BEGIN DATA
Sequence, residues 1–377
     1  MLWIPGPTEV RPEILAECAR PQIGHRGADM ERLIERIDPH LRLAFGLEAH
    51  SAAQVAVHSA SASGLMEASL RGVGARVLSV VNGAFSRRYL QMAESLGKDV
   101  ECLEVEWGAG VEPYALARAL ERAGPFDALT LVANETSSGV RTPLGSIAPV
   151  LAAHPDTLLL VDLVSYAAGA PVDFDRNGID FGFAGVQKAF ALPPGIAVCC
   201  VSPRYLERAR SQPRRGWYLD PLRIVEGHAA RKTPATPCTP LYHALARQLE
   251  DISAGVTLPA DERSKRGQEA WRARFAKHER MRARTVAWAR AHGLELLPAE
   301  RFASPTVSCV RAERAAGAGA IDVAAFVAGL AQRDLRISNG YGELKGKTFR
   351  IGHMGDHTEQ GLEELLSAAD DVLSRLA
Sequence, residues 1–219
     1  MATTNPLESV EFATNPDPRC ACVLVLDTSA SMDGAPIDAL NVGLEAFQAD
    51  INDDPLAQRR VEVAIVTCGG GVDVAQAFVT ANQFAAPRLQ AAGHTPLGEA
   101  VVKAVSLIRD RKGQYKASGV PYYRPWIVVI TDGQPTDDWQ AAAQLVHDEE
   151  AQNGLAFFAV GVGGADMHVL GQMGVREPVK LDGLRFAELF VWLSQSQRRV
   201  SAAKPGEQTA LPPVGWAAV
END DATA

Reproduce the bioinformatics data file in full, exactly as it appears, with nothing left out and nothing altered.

Sequence, residues 1–377
     1  MLWIPGPTEV RPEILAECAR PQIGHRGADM ERLIERIDPH LRLAFGLEAH
    51  SAAQVAVHSA SASGLMEASL RGVGARVLSV VNGAFSRRYL QMAESLGKDV
   101  ECLEVEWGAG VEPYALARAL ERAGPFDALT LVANETSSGV RTPLGSIAPV
   151  LAAHPDTLLL VDLVSYAAGA PVDFDRNGID FGFAGVQKAF ALPPGIAVCC
   201  VSPRYLERAR SQPRRGWYLD PLRIVEGHAA RKTPATPCTP LYHALARQLE
   251  DISAGVTLPA DERSKRGQEA WRARFAKHER MRARTVAWAR AHGLELLPAE
   301  RFASPTVSCV RAERAAGAGA IDVAAFVAGL AQRDLRISNG YGELKGKTFR
   351  IGHMGDHTEQ GLEELLSAAD DVLSRLA
Sequence, residues 1–219
     1  MATTNPLESV EFATNPDPRC ACVLVLDTSA SMDGAPIDAL NVGLEAFQAD
    51  INDDPLAQRR VEVAIVTCGG GVDVAQAFVT ANQFAAPRLQ AAGHTPLGEA
   101  VVKAVSLIRD RKGQYKASGV PYYRPWIVVI TDGQPTDDWQ AAAQLVHDEE
   151  AQNGLAFFAV GVGGADMHVL GQMGVREPVK LDGLRFAELF VWLSQSQRRV
   201  SAAKPGEQTA LPPVGWAAV